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Gardens, Bridge 055Namaste, my friends.

A Parent’s Letter:

Phillip,
Just wanted to take a minute to thank you for all that you have done over the years in teaching my kids. When someone asks, “Who is a good teacher in our town?” I think of you. Thank you for always putting up with my texts and in-person visits. Thank you for being patient with my son over the years and helping him out as much as you have. I am truly glad that he had a teacher like you who was willing to work with him so that he could graduate. I’m sure there were times that he shouldn’t have, but thank you for making sure he did. Best of luck to you in the next years of teaching…

 

© Copyright of all visual and written materials on The Daily Round belongs solely to Catherine M. O’Meara, 2011-Present. Unauthorized use is strictly prohibited, without Catherine O’Meara’s written approval. No one is authorized to use Catherine O’Meara’s copyrighted material for material gain without the author’s engagement and written permission. All other visual, written, and linked materials are credited to their authors.

 

Dona Nobis Pacem

spring gardens, grated finger food, birds 045May my silences become more accurate. ~ Theodore Roethke

When I was younger and my body, or mind, or spirit shared its weariness, my response was usually to resist such silliness and work harder. I suspect this was the equivalent of “leaning in.”

spring gardens, grated finger food, birds 009Now I listen attentively and grant myself Sabbath minutes, or hours, or days, or weeks—whatever is possible in proportion to the emptiness I detect—if these will restore my creativity and re-balance my energy.

spring gardens, grated finger food, birds 097I have spent years offering my creative energy to Full Moon and her gardens; it’s nice when I allow these places and spaces to gift me in return with their beauty and energy, allowing love to flow both ways and deep re-creation to restore me with peace and new insights.

spring gardens, grated finger food, birds 057So, weary to the bone, I’m taking a week off to be still and to listen; to plant and ponder, weed and wonder…to allow my silences to become more accurate.

spring gardens, grated finger food, birds 105I began the day with a breakfast of asparagus freshly harvested, in gratitude: barely cooked, lightly buttered and generously peppered…my Sabbath has begun.

spring gardens, grated finger food, birds 013 spring gardens, grated finger food, birds 032 spring gardens, grated finger food, birds 038 spring gardens, grated finger food, birds 042 spring gardens, grated finger food, birds 055 spring gardens, grated finger food, birds 073 spring gardens, grated finger food, birds 081 spring gardens, grated finger food, birds 085 spring gardens, grated finger food, birds 090

Joy and gentle peace to you from Full Moon.

 

© Copyright of all visual and written materials on The Daily Round belongs solely to Catherine M. O’Meara, 2011-Present. Unauthorized use is strictly prohibited, without Catherine O’Meara’s written approval. No one is authorized to use Catherine O’Meara’s copyrighted material for material gain without the author’s engagement and written permission. All other visual, written, and linked materials are credited to their authors.

Sacred Ground

sandill crane, mourning dove, gardens 067My husband and I have begun the long discernment regarding where we’d most like to retire. We have several years of regular employment ahead of us, but think it best we start the conversation now, in case other opportunities present themselves, or health issues arise that would require a more sudden shift. So, what shall it be? “Up North” on a lake? A condo in the city? A different state? In the U.S.? Another country? We know that, at some point, the maintenance of Full Moon and its four acres will become more physically demanding than we can manage, but what are the signs that will tell us the time has come?

We can’t know what’s ahead, of course, but I’ve known people who have reached their retirement without ever truly having considered their needs, desires, and possibilities regarding the next (and, let’s face it, the last) stage of their lives. The following years proved more challenging for them than a dedicated time of planning may have created.

Even beginning these conversations has proven interesting, as we each consider leaving Full Moon Cottage, sit with our feelings, come back to reconsider possibilities and then go out to work in the yard, take a canoe trip, walk on the path, or sail down the trail on a long, meditative bike ride.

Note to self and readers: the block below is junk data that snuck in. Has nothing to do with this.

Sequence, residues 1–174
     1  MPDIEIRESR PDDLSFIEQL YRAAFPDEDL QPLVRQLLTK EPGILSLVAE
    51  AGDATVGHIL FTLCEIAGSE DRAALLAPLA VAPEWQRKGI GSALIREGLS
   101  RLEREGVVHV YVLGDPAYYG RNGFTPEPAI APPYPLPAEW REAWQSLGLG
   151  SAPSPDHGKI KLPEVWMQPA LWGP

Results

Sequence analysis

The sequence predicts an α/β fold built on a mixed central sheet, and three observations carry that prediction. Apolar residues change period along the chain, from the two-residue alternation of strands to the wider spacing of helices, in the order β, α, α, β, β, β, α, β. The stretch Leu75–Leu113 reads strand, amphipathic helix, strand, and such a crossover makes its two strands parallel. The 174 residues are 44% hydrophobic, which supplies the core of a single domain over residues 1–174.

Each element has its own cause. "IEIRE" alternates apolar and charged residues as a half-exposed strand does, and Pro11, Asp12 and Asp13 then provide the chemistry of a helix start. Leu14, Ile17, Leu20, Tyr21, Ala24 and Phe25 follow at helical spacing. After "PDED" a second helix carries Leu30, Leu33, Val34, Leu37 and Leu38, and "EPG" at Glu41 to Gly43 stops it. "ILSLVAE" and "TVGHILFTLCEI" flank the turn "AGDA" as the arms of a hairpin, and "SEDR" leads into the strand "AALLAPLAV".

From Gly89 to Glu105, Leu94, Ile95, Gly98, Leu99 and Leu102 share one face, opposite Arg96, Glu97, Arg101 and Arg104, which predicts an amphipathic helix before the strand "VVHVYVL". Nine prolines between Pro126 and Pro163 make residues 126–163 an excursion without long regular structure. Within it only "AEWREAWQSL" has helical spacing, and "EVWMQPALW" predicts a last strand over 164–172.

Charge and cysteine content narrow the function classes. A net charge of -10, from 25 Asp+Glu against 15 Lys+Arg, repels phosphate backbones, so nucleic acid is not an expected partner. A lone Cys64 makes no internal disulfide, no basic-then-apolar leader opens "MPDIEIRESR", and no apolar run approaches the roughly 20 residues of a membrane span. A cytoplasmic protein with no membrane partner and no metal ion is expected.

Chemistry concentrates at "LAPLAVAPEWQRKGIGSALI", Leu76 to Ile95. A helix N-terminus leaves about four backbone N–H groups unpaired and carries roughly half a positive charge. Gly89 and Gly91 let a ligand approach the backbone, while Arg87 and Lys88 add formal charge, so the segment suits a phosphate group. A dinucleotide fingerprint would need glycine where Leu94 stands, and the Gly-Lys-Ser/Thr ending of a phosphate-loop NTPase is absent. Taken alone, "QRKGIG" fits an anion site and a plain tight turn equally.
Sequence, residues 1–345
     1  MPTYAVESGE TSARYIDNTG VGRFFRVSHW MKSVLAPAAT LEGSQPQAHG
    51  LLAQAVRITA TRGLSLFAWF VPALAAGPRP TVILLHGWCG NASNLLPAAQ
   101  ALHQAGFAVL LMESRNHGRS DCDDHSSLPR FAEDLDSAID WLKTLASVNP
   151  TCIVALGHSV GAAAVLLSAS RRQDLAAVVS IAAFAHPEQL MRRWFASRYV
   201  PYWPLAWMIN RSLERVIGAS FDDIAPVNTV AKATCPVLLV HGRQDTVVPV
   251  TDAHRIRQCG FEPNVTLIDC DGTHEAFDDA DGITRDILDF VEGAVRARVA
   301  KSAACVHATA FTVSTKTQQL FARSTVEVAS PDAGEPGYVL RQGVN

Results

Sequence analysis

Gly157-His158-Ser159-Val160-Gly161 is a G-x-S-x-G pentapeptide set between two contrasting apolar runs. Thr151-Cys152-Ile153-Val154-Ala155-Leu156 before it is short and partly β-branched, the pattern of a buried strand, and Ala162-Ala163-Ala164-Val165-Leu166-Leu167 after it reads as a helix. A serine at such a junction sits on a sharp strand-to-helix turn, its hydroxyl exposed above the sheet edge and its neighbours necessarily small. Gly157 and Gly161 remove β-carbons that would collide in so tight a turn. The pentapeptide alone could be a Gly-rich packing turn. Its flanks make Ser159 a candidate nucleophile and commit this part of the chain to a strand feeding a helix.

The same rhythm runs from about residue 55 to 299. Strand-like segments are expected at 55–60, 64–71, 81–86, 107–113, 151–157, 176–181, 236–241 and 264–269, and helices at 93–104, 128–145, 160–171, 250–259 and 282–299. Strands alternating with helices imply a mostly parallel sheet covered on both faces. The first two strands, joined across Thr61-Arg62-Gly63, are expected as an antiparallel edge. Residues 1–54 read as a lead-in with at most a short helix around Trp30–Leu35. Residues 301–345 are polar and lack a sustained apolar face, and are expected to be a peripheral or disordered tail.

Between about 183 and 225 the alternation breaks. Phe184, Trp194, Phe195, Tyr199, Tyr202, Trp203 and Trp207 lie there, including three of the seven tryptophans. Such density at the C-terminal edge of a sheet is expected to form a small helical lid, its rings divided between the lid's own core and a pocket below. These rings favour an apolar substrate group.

Full Moon has been a lovely and deepening home, generous in its gifting, and we’ve traveled through a good bit of our lives here. Every season has offered so much beauty and so many lessons. This past week, the orioles, red-breasted grosbeaks, purple finches, goldfinches, and hummingbirds returned to the feeders with their great appetites and vivid presence.

Spring birds 011 Spring birds 017 Spring birds 025The shy and solitary green heron who lives beside us in the woods has returned; like the owls, he struggles to find peace among the raucous crows, and I’m grateful he does, for his annual reappearance and heartbreaking calls each spring anchor the new season for me as surely as the oriole’s song.

Green Heron 030The tulips have begun blooming, at last, and we’ve been working to edge and mulch the gardens, just ahead of the weeds, especially the vigorous garlic mustard, which suffered no setback from the drought.

sandill crane, mourning dove, gardens 008 sandill crane, mourning dove, gardens 011 sandill crane, mourning dove, gardens 023A mourning dove couple has chosen to build their nest above my pullout clothesline. I guess I’ll be using my dryer for a few more weeks. We’ve never seen mourning dove newborns, so this is a rare treat for us.

End of April to May 2 oriole, grosbeak, gardens mourning dove ne 146

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There are nests all around our home; every day more are apparent. We noticed a sandhill crane nesting in a marshy area, “hidden in plain view.” 

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It looks like we’ll have a very brief spring; temperatures could be in the 90’s next week, and summer will open wide. I can’t help but wonder how many more springs we’ll be here to welcome fox kits, to set out seed and oranges for returning birds and their newborns, or to tend the gardens’ rebirth. I wonder how many more autumns we’ll bid them each farewell and settle in for another winter.

End of April to May 2 oriole, grosbeak, gardens mourning dove ne 090But Full Moon has taught me that wherever we are, there is possible beauty and the rhythm of cycles that elicit love and call forth our gifts to co-create. We’ll be sad when we finally have to leave, of course, but I hope we’ll be looking forward to new adventures on other sacred ground, and quiet places to bow down to the beauty before us.

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© Copyright of all visual and written materials on The Daily Round belongs solely to Catherine M. O’Meara, 2011-Present. Unauthorized use is strictly prohibited, without Catherine O’Meara’s written approval. No one is authorized to use Catherine O’Meara’s copyrighted material for material gain without the author’s engagement and written permission. All other visual, written, and linked materials are credited to their authors.